A town is a human settlement larger than a village but smaller than a city. The size a settlement must be in order to be called a "town" varies considerably in different parts of the world, so that, for example, many American "small towns" seem to British people to be no more than villages, while...

 of Caen
Caen
Caen is a commune in northwestern France. It is the prefecture of the Calvados department and the capital of the Basse-Normandie region. It is located inland from the English Channel....

 in Normandy
Normandy
Normandy is a geographical region corresponding to the former Duchy of Normandy. It is in France.The continental territory covers 30,627 km² and forms the preponderant part of Normandy and roughly 5% of the territory of France. It is divided for administrative purposes into two régions:...

. Attempts to rapidly expand the Allied beachhead
Beachhead
Beachhead is a military term used to describe the line created when a unit reaches a beach, and begins to defend that area of beach, while other reinforcements help out, until a unit large enough to begin advancing has arrived. It is sometimes used interchangeably with Bridgehead and Lodgement...

 met fierce opposition, however, and bad weather conditions in the English Channel
English Channel
The English Channel , often referred to simply as the Channel, is an arm of the Atlantic Ocean that separates southern England from northern France, and joins the North Sea to the Atlantic. It is about long and varies in width from at its widest to in the Strait of Dover...

 delayed the build-up of supplies and troop reinforcements. Cherbourg was able to hold out until 27 June, when it fell to the U.S. VII Corps
U.S. VII Corps
The VII Corps of the United States Army was one of the two principal corps of the army in Europe during the Cold War, along with V Corps. Activated in 1918, it was subordinate to the Seventh Army, or USAREUR, throughout most of its existence and based outside of Stuttgart, West Germany, until...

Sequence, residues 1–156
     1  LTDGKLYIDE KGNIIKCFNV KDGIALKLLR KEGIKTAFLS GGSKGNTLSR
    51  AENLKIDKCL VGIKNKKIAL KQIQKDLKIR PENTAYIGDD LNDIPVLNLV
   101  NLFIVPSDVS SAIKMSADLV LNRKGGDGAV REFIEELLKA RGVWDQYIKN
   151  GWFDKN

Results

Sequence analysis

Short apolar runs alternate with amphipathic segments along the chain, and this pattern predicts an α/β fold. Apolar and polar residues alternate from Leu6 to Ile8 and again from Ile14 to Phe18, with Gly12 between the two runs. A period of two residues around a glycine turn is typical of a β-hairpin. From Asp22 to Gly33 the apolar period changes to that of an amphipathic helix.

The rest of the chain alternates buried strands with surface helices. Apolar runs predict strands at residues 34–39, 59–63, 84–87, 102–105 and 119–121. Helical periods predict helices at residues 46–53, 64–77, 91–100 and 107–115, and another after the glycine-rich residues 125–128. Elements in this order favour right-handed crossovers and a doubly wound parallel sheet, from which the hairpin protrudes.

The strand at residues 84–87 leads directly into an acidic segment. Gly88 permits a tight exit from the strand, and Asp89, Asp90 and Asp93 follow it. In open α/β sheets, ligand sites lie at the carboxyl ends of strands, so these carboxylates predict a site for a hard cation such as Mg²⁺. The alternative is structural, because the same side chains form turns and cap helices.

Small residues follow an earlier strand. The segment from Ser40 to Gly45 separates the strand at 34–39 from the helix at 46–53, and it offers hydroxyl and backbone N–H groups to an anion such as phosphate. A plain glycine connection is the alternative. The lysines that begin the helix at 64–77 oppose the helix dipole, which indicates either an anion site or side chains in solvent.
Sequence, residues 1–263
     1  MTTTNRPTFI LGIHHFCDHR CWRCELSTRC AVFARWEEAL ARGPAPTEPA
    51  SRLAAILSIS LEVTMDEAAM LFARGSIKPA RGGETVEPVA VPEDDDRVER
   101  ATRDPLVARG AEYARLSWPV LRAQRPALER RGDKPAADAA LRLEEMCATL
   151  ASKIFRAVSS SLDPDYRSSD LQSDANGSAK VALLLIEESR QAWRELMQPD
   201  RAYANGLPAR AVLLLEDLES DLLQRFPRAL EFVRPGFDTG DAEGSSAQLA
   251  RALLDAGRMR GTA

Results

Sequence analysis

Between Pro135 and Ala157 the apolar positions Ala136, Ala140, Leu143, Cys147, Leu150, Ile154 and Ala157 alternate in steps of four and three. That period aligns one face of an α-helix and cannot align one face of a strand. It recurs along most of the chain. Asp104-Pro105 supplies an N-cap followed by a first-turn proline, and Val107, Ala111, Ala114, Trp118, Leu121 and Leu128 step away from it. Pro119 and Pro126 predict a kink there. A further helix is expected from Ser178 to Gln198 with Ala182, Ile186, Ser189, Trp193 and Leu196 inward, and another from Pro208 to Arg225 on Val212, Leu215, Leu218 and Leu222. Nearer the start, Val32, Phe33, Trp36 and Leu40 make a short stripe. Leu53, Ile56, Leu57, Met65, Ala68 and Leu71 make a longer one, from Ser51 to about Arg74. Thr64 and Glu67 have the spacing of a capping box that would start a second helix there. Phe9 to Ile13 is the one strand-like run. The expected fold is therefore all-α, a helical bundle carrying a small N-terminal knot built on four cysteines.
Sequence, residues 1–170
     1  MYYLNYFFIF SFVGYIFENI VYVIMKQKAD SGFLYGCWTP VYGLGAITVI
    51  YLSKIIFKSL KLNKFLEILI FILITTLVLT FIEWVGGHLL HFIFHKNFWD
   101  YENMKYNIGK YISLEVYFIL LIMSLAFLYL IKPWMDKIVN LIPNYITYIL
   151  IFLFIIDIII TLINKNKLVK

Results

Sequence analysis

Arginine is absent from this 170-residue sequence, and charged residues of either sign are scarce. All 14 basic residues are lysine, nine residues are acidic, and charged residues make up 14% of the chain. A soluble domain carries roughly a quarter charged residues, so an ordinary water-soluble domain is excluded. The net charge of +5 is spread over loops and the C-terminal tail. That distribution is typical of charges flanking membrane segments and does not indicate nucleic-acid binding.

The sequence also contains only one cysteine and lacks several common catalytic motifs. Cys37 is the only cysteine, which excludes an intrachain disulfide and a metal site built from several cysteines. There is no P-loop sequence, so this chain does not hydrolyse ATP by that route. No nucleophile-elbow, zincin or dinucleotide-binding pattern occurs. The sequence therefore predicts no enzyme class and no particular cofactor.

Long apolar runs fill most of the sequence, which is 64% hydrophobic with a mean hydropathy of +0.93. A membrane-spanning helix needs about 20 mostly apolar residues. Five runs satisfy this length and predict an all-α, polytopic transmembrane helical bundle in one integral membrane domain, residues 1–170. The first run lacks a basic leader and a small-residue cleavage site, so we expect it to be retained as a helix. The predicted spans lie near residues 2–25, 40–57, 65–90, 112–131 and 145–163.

, and Caen resisted a number of offensives until 20 July, when it was taken by the British and Canadians during Operation Goodwood
Operation Goodwood
Operation Goodwood was an attack launched on 18 July 1944, during the Second World War, by the British army to the east of the city of Caen...

 and Operation Atlantic
Operation Atlantic
Operation Atlantic was a Canadian offensive during the Battle of Normandy in the Second World War, from July 18–21, 1944. This Canadian offensive was launched in conjunction with a British-led offensive, Operation Goodwood...

.

The Allied commander of the ground forces in Normandy General Bernard Law Montgomery —- had planned a theater strategy of drawing German forces away from the American sector to the British and Canadian sectors, thus preparing the way for a breakout by the U.S. Army. On 25 July, while the Wehrmacht
Wehrmacht
The Wehrmacht – from , to defend and , the might/power) were the unified armed forces of Nazi Germany from 1935 to 1945. It consisted of the Heer , the Kriegsmarine and the Luftwaffe .-Origin and use of the term:...

's attention was fixed firmly on the area around Caen, Lt. General Omar Bradley
Omar Bradley
Omar Nelson Bradley was a senior U.S. Army field commander in North Africa and Europe during World War II, and a General of the Army in the United States Army...

 of the U.S. Army launched Operation Cobra
Operation Cobra
Operation Cobra was the codename for an offensive launched by the First United States Army seven weeks after the D-Day landings, during the Normandy Campaign of World War II...

.

The U.S. First Army
U.S. First Army
The First United States Army is a field army of the United States Army. It now serves a mobilization, readiness and training command.- Establishment and World War I :...

 ruptured the thin German lines that guarded Brittany